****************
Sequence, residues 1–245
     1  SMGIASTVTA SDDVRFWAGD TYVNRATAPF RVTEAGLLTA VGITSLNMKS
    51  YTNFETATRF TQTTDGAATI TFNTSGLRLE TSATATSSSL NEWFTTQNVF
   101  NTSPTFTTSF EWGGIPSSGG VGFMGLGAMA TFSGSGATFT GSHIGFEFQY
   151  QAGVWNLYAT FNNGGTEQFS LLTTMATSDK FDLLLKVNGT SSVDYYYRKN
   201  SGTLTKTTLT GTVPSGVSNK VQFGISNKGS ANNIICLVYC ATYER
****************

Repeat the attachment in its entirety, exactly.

Sequence, residues 1–245
     1  SMGIASTVTA SDDVRFWAGD TYVNRATAPF RVTEAGLLTA VGITSLNMKS
    51  YTNFETATRF TQTTDGAATI TFNTSGLRLE TSATATSSSL NEWFTTQNVF
   101  NTSPTFTTSF EWGGIPSSGG VGFMGLGAMA TFSGSGATFT GSHIGFEFQY
   151  QAGVWNLYAT FNNGGTEQFS LLTTMATSDK FDLLLKVNGT SSVDYYYRKN
   201  SGTLTKTTLT GTVPSGVSNK VQFGISNKGS ANNIICLVYC ATYER